Miz Martha

(front, left to right) Carl Clemons-Hopkins, Cindy Gold and Celeste M. Cooper with (back, left to right) Sydney Charles and Donovan Session in Steppenwolf Theatre’s Chicago premiere of ''The Most Spectacularly Lamentable Trial of Miz Martha Washington'' by James Ijames, directed by Whitney White.

In a playwright's note tucked into the program for the Chicago premiere of

“The Most Spectacularly Lamentable Trial of Miz Martha Washington” at Steppenwolf Theatre, Pulitzer Prize-winner James Ijames  insists “I don't come here to shame the founders or, in the case of my play, their spouses; I come here to test the strength of their ideals.”

Don't be fooled. In this 90-minute fever dream of a play, Ijames goes way beyond shame. He not only lays bare the original sin of slavery in all its infamy, he also exposes the hypocrisy, immorality and political failure tainting the very ideals on which the country was founded. In other words, he tests us and finds us seriously wanting. 

Ijames' starting premise is straightforward enough. The recently widowed Martha Washington (Cindy Gold) lies ill and alone in her Mount Vernon bed, while excitement grows among the enslaved people who tend to her and the plantation because, in his will, President George Washington promised them freedom when she died. 

This makes her fear they may hasten her demise, but she's also flooded with other emotions; she has both a sense of entitlement that makes her relish her position of power and the misbelief that the people who she enslaves actually care for her. She even expects affection from her maid Ann Dandridge (Nikki Crawford), though she fails to acknowledge that Ann is her half-sister or that Ann's son, William (Victor Musoni), is both her nephew and her grandson (his father was Martha's stepson) — something he reminds her of in her dream.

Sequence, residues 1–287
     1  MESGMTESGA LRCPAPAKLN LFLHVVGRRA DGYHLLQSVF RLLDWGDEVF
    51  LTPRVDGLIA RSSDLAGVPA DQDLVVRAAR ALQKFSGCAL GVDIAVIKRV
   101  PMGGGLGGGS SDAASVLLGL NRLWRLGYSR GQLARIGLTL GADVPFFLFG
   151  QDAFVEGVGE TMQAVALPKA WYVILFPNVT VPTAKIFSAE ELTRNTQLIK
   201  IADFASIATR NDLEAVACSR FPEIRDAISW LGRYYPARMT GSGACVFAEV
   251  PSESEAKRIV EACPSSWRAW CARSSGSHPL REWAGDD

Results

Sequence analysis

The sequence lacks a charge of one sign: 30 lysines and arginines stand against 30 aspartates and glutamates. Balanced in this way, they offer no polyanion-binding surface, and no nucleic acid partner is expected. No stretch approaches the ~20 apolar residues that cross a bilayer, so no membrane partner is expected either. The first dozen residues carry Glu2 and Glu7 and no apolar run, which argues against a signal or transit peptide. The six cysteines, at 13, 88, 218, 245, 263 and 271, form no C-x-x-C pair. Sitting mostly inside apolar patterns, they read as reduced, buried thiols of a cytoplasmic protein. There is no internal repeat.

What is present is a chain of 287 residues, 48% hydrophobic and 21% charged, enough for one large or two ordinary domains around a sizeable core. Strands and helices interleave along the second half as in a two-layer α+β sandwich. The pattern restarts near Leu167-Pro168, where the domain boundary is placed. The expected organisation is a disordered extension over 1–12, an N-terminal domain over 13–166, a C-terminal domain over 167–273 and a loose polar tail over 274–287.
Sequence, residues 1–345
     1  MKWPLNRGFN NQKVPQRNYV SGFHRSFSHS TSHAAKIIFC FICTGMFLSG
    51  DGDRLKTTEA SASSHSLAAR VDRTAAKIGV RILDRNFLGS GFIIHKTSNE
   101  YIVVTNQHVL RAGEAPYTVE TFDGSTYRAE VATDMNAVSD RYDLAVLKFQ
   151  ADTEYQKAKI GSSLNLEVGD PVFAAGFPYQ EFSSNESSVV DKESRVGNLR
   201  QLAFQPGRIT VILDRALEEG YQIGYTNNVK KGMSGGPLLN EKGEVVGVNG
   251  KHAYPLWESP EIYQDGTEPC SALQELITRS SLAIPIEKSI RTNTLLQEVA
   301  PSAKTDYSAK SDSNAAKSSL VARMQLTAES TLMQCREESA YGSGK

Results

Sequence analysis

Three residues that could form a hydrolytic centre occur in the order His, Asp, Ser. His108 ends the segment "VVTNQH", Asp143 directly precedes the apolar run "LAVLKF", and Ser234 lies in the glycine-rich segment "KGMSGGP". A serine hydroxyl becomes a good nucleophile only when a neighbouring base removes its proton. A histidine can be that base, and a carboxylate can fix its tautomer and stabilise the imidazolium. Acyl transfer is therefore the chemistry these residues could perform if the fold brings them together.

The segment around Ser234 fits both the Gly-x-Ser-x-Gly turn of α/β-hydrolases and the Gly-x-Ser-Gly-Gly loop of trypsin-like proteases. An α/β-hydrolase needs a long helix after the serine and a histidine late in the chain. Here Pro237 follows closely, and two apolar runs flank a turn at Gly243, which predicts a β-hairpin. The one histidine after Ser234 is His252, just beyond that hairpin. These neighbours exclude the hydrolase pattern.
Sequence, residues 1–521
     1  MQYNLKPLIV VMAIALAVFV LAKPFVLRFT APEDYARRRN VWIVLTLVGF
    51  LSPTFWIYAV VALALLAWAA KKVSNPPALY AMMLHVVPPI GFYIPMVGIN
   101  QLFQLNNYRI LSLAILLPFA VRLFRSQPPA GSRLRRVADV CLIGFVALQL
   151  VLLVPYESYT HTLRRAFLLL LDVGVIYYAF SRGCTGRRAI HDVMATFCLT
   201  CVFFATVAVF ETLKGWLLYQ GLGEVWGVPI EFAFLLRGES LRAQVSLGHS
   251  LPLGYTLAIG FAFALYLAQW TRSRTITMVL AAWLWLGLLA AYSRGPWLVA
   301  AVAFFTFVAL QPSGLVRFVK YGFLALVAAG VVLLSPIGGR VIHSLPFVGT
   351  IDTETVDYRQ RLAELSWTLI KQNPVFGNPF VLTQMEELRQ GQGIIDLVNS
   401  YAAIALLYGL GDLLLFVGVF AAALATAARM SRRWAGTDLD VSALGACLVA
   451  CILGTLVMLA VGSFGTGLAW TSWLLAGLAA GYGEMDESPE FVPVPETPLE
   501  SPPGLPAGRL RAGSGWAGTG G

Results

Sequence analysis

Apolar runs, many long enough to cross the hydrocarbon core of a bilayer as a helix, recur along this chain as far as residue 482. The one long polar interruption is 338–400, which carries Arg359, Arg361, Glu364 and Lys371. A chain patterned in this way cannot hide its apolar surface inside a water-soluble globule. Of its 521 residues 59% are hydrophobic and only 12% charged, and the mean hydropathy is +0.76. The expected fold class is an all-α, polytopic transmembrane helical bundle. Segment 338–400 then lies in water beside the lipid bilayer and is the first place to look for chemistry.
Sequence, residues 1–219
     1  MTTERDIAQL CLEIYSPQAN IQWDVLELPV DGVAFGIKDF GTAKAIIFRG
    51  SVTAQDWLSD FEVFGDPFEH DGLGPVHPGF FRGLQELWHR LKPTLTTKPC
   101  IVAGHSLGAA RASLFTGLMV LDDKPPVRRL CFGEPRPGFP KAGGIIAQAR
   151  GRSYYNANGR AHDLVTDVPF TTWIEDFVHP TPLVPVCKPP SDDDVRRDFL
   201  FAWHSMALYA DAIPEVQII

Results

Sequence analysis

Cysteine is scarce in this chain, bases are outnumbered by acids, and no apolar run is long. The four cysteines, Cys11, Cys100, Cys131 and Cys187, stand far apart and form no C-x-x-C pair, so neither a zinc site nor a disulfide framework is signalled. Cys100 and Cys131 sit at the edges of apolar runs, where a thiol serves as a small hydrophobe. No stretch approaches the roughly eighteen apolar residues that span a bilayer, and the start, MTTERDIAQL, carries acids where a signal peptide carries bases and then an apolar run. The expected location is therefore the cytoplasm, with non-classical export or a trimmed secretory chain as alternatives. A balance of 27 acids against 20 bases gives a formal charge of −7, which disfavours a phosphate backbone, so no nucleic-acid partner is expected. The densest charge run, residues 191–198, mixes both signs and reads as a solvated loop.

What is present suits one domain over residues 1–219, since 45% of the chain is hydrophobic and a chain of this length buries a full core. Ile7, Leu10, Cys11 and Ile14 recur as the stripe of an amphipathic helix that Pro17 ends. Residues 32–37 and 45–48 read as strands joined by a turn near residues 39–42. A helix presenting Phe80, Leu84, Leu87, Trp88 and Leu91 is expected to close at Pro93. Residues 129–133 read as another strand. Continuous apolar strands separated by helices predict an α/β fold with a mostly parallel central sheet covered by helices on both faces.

While the concept is clear, the structure and style are a hodgepodge of ideas , some of which work better than others. There's more than a nod to “A Christmas Carol” as various characters visit Miz Martha — including George, done up with an outlandish halo — and try to make her see the error of her ways. At one point, she even gets caught up in the singing and dancing until the music stops abruptly, leaving her stunned. Only, unlike Scrooge, the “Mother of America” never has an epiphany. She just becomes more resolute in her selfishness and obliviousness to  her sins.

Under Whitney White's increasingly frenetic direction, the sketches multiply as the people who are enslaved try and fail to lead Miz Martha to a moral awakening. They stage a game show with prizes named for American products. They conduct a trial like The People's Court. 

Vaudeville, minstrel shows and more mingle as individuals and the collective ask for their freedom, cajole, demand and threaten to no avail. Befuddled as she may seem, Gold's Martha digs in, her self-imposed victimhood and obstinacy an indictment of all white people.

Some of the satirical routines are very funny or bitter or both. Overall there is a scattershot quality, as if Ijames is trying every way he can to make his point. 

Sydney Charles and Celeste M. Cooper play Priscilla and Doll, maids who don't give a hoot for their mistress. Then the actors become two of America's most beloved icons, Abigail Adams and Betsy Ross, in a hilarious bit made more so by Izumi Inaba's outrageous costumes. Of the men, Donovan Session as Sucky Boy and Carl Clemons-Hopkins as Davy slyly deconstruct minstrel tropes in their interactions. 

The staging is as presentational as the acting. Clint Ramos' striking scenic design features a facade of Mount Vernon amid a field of stylized cotton plants, and Martha's bed rolls downstage and up to focus the scenes. Amith Chandrashaker's lighting and Fan Zhang's sound design and original music have an otherworldly quality, while Inaba's costumes are both fantastical and fantastic.

There's no question that “Miz Martha Washington” is shot through with brilliance, but it's not my favorite Ijames play so far. That honor goes to “Kill Move Paradise” at TimeLine Theatre in 2020. And I can't wait until “Fat Ham,” which won him the Pulitzer Prize in New York, comes to Chicago.

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